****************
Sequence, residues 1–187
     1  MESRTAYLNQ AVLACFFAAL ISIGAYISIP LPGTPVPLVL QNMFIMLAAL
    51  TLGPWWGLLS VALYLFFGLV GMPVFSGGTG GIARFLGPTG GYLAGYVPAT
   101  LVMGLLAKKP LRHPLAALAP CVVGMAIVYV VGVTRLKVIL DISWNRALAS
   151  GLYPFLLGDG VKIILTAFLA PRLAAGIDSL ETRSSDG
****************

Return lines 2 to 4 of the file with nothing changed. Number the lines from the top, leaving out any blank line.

     1  MESRTAYLNQ AVLACFFAAL ISIGAYISIP LPGTPVPLVL QNMFIMLAAL
    51  TLGPWWGLLS VALYLFFGLV GMPVFSGGTG GIARFLGPTG GYLAGYVPAT
   101  LVMGLLAKKP LRHPLAALAP CVVGMAIVYV VGVTRLKVIL DISWNRALAS